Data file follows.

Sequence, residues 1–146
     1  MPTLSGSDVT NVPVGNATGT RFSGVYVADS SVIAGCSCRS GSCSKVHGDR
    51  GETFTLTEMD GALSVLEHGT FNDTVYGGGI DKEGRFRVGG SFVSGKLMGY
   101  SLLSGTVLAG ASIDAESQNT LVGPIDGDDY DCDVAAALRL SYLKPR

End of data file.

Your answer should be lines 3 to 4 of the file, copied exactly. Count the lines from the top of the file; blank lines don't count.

    51  GETFTLTEMD GALSVLEHGT FNDTVYGGGI DKEGRFRVGG SFVSGKLMGY
   101  SLLSGTVLAG ASIDAESQNT LVGPIDGDDY DCDVAAALRL SYLKPR